- Tap water. Most municipal water systems are eviscerated with chlorine, fluorine, and aluminum. Fluorine is a known neurotoxin (meaning it kills brain/nerve cells).
- Sugar. I’ve talked about this at length. Sugar is poison to every cell in your body, overwhelmingly addictive, and should be a controlled substance.
- Food packaged in aluminum. Aluminum has been shown to leach into the food packaged in it, just like lead, mercury, and BPH, and it is another major neurotoxin.
- Refined grains. Foods made with white, refined flour can cause some people’s brains to swell. Swelling in the brain can cause permanent damage to the neurons.
It’s worth noticing that these same changes will benefit your gut, and thereby, your immune system. Alzheimer’s researchers are starting to come to the same realization that we have: your gut flora and brain are very closely linked.
Now, before you unload on me because I took away all your favorite foods, I encourage you to discover fruits and vegetables. They will never hurt you, and you will enjoy them well into your twilight years. On the other hand, sugar will gradually take away your ability to enjoy anything, including sugar.
Second, stay physically active.
Take a walk every day. If you have a loved one living with you, take a walk together and share your thoughts with each other.
Watch one of the “Move Right Monday” exercise videos each day and do the movements. I designed these exercises to be simple, low-exertion movements so that anyone at any age can do them. If your flexibility has become limited over time, these exercises will help you to limber up those stiff joints. If you will take five minutes every hour to do one of these movements (or even 2 or 3 times a day), you will be surprised at how quickly you begin to feel stronger, more flexible, and more stable.
I would also encourage you to read this article about High-Impact Interval Training, which is a powerful way to burn fat, tone muscle, and lower your BMI, which has a strong correlation with longevity. After all, a little daily exercise is easier than you think.
Build A Strong Brain
Third, keep your head in the game.
One of the most consistent observations in dementia research is that many people have staved off the onset or development of dementia by keeping an active mind. People who work in highly-collaborative environments or jobs that deal with complex issues seem to have the strongest, healthiest brains later in life, as well as those who enjoy working on puzzles, learning languages, or making music. The more connections you make between the synaptic trees in your brain, the stronger those trees become. Strong associations reinforce memory, and habits dig deep grooves that last as your brain ages.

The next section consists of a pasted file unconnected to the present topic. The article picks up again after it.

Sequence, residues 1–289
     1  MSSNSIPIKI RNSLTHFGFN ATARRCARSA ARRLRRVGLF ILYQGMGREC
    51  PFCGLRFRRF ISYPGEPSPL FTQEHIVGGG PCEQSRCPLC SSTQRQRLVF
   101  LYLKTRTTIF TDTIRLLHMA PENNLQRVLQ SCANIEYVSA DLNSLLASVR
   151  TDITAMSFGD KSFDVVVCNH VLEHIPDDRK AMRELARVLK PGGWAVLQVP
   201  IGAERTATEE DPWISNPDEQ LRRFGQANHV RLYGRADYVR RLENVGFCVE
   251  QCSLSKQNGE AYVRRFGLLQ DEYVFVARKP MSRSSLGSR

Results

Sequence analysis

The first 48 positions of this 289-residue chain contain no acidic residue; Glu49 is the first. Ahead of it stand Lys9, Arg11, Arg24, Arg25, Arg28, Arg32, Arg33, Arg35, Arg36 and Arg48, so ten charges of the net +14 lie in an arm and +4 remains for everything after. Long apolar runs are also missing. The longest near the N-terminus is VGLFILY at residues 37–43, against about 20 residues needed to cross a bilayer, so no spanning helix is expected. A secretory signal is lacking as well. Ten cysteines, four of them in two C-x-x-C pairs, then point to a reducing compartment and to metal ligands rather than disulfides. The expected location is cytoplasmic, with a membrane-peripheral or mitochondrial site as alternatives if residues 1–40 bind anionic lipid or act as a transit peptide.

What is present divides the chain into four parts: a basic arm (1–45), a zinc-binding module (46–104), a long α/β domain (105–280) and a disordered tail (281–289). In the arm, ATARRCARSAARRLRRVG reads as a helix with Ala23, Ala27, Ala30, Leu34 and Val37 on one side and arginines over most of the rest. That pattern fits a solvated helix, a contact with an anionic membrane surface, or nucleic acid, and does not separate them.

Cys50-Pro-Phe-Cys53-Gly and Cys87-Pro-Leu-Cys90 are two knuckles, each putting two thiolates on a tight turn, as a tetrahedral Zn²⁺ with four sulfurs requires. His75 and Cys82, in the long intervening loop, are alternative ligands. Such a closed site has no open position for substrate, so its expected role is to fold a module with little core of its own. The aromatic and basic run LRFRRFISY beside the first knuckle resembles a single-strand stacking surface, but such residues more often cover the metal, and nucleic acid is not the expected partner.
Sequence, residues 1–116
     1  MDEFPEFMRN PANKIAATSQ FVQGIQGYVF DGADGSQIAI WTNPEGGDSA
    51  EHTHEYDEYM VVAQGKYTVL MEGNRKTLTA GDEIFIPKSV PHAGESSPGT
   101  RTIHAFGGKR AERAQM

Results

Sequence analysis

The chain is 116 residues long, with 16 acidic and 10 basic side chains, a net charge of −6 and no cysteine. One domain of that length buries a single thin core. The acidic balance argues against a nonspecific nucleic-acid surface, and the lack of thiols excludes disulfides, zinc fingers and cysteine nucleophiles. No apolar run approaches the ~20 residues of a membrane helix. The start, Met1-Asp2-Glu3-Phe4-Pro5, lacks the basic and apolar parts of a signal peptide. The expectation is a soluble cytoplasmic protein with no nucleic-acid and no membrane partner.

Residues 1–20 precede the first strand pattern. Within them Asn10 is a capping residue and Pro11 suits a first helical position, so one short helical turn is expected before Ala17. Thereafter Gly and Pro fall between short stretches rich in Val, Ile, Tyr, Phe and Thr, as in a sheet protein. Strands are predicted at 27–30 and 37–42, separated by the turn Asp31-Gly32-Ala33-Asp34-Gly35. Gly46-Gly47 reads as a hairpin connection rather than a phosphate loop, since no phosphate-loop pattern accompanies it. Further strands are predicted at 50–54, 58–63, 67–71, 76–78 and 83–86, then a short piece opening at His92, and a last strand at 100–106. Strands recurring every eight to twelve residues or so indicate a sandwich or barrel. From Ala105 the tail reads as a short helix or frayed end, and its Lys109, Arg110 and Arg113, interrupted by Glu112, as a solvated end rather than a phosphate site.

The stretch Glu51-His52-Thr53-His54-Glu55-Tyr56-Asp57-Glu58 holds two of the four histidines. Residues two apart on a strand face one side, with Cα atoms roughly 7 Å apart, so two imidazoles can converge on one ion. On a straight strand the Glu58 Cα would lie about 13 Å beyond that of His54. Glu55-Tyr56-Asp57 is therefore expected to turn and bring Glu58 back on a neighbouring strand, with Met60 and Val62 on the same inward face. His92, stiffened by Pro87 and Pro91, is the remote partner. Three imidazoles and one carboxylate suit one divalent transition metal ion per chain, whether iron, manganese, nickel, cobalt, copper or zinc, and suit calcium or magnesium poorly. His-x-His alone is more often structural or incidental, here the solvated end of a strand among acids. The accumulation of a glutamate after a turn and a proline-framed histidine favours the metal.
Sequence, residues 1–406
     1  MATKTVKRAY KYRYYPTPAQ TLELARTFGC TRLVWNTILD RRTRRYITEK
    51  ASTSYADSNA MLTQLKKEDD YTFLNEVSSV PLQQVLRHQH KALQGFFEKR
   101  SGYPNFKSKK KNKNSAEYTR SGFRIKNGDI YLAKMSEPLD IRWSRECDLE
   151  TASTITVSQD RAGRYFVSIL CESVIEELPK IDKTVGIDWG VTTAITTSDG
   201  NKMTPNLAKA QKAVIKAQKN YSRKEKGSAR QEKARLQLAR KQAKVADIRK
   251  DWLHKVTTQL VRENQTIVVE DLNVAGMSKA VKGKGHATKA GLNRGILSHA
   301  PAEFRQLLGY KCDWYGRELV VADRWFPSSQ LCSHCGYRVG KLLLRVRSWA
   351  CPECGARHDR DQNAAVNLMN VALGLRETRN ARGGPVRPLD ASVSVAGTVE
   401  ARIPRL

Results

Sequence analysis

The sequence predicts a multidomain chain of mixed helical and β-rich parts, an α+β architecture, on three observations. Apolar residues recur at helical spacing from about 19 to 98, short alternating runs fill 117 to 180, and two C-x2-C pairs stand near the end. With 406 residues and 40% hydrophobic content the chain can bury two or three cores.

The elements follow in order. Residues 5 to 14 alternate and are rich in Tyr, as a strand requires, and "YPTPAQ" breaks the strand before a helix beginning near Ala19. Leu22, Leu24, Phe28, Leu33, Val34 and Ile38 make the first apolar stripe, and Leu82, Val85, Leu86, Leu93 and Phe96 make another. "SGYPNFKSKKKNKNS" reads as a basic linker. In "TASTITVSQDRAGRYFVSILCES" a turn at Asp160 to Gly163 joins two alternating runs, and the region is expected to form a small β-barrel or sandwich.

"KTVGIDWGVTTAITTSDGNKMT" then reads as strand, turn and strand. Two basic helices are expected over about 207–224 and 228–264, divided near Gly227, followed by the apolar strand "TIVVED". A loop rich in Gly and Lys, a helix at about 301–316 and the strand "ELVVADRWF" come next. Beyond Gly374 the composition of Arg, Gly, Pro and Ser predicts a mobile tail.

Remove the Toxins From Your Heart
Finally, manage your emotions.
An increasing body of research has been showing what God told us thousands of years ago: stress is bad for you. Your brain was not made to store anger, hostility, hatred, and bitterness. I believe you could make a case that, over time, your mind will try to wipe out toxic memories, and in the process will damage other connections in your soul. I can’t prove it with research it, but some of the sickest people I know are the ones holding an angry grudge. Let it go, for your own sake. Remember, unforgiveness is like drinking poison and expecting the other person to die.
I can’t promise you that taking all these steps will reverse the damage if you have already begun to show signs of Alzheimer’s disease, but I believe the evidence supports the notion that you can slow or even stop the progression of dementia by making some small lifestyle changes. And I’d be willing to bet that most of my readers can all agree that having control of all of your mental faculties late in life is worth laying down your Twinkies today.
If you live in the Naples area, I’d like to congratulate you for living through the “Big One.” We will never forget our visit from Irma, but if I know this town, we will rise up stronger and healthier than ever. As soon as you are able to get out of your driveway, I hope you’ll stop by my office behind the YMCA on Pine Ridge Road. I would love to meet you and discuss your health goals.
“At the end of your FEELINGS is NOTHING. At the end of your PRINCIPLES is a PROMISE.” — Eric Thomas